Ultrasonic Inspection - UT

ULTRASONIC INSPECTION is a nondestructive method in which beams of high-frequency sound waves are introduced into materials for the detection of surface and subsurface flaws in the material. The sound waves travel through the material with some attendant loss of energy (attenuation) and are reflected at interfaces. The reflected beam is displayed and then analyzed to define the presence and location of flaws or discontinuities.

Most ultrasonic inspection is done at frequencies between 0.1 and 25 MHz well above the range of human hearing, which is about 20 Hz to 20 kHz. Ultrasonic waves are mechanical vibrations; the amplitudes of vibrations in metal parts being ultrasonically inspected impose stresses well below the elastic limit, thus preventing permanent effects on the parts.

Advantages and Disadvantages
Superior penetrating power, which allows the detection of flaws deep in the part. Ultrasonic inspection is done routinely to thicknesses of a few meters on many types of parts and to thicknesses of about 6 m
 (20 ft) in the axial inspection of parts such as long steel shafts or rotor forgings
 High sensitivity, permitting the detection of extremely small flaws
 Greater accuracy than other nondestructive methods in determining the position of internal flaws, estimating their size, and characterizing their orientation, shape, and 
 Only one surface needs to be accessible Operation is electronic, which provides almost instantaneous indications of flaws. This makes the method suitable for immediate interpretation, automation, rapid scanning, in-line production monitoring, and process control.
 With most systems, a permanent record of inspection results can be made for future reference
 Volumetric scanning ability, enabling the inspection of a 4 volume of metal extending from front surface to back surface of a part
 Nonhazardous to operations or to nearby personnel and has no effect on equipment and materials in the vicinity Portability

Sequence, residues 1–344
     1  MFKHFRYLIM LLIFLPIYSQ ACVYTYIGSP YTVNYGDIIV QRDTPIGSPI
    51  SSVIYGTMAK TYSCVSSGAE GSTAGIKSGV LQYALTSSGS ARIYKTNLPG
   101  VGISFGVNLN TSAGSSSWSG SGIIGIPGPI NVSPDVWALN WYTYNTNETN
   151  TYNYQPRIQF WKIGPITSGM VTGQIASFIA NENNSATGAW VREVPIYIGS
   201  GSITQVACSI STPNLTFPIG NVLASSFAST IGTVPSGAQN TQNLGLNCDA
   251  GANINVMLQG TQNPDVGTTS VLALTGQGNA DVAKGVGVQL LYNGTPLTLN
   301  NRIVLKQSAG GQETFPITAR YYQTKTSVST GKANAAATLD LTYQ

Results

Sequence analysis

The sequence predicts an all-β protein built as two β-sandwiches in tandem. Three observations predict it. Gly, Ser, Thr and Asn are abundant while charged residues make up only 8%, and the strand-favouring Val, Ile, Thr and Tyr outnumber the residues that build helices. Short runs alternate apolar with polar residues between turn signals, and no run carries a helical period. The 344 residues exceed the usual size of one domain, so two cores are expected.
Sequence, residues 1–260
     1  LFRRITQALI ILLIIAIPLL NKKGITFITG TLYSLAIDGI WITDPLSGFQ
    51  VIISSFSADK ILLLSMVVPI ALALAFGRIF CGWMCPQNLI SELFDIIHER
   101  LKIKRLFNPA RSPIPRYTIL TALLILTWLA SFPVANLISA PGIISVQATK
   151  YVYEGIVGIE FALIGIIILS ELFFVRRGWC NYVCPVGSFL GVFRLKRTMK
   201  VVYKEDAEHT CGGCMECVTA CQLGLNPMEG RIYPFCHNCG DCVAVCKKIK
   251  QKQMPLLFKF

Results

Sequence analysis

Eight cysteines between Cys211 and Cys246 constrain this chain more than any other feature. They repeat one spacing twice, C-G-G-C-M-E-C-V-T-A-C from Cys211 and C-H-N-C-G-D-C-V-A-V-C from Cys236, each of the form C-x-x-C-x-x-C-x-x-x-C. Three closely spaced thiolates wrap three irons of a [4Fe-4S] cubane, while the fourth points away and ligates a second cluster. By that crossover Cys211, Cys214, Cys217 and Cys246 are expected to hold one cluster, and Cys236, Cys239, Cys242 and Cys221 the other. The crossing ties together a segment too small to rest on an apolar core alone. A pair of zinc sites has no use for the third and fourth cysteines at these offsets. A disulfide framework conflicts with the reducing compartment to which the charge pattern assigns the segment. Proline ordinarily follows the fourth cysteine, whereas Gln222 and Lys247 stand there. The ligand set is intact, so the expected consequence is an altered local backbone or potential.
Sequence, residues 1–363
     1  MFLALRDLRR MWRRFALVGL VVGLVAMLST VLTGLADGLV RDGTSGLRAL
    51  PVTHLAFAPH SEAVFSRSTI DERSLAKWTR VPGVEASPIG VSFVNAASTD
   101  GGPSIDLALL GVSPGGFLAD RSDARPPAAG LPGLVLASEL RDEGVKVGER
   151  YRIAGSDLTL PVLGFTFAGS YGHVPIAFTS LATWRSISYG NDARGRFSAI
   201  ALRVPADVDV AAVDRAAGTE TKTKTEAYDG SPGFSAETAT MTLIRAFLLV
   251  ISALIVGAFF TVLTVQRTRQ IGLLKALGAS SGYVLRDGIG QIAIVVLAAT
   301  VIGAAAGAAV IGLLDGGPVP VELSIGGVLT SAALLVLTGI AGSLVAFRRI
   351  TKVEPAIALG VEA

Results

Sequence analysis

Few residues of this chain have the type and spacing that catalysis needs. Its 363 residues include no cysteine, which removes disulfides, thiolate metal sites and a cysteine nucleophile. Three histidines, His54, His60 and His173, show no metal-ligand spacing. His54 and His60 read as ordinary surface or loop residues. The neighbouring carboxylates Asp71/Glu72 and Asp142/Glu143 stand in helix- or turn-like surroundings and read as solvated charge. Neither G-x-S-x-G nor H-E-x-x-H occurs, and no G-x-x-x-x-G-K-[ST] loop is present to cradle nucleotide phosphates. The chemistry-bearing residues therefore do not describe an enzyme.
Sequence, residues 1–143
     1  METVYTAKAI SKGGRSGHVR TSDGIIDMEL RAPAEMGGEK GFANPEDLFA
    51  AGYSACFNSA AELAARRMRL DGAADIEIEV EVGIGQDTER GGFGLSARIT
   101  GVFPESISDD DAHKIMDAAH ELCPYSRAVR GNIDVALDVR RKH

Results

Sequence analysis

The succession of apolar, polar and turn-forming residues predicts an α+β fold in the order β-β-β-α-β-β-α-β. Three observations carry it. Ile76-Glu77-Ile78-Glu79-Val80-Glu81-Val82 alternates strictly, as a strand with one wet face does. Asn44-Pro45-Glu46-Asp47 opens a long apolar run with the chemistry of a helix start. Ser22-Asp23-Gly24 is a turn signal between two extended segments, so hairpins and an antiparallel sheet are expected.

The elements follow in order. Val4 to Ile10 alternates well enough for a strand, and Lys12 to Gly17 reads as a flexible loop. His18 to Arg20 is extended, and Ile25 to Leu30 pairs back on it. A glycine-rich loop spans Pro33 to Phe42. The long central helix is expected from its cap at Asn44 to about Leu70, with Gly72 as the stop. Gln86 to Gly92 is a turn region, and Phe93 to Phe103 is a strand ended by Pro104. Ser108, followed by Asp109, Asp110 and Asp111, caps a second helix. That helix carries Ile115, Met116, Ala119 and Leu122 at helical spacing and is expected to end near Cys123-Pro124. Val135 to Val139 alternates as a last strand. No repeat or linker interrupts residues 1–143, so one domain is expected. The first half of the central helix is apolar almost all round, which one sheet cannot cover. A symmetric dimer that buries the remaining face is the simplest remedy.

 Provides an output that can be processed digitally by a computer to characterize defects and to determine material properties

The disadvantages
Manual operation requires careful attention by experienced technicians
Extensive technical knowledge is required for the development of inspection procedures
Parts that are rough, irregular in shape, very small or thin, or not homogeneous are difficult to inspect
Discontinuities that are present in a shallow layer immediately beneath the surface may not be detectable
Couplants are needed to provide effective transfer of ultrasonic wave energy between transducers and parts being inspected 
Reference Standards are needed, both for calibrating the equipment and for characterizing flaws
Some of the major types of equipment that are ultrasonically inspected for the presence of flaws are:
Mill components: Rolls, shafts, drives, and press columns Power equipment: Turbine forgings, generator rotors, pressure piping, weldments, pressure vessels, nuclear fuel elements, and other reactor components
Jet engine parts: Turbine and compressor forgings, and gear blanks
Aircraft components: Forging stock, frame sections, and honeycomb sandwich assemblies
Machinery materials: Die blocks, tool steels, and drill pipe 
Railroad parts: Axles, wheels, track, and welded rail
Automotive parts: Forgings, ductile castings, and brazed and/or welded components



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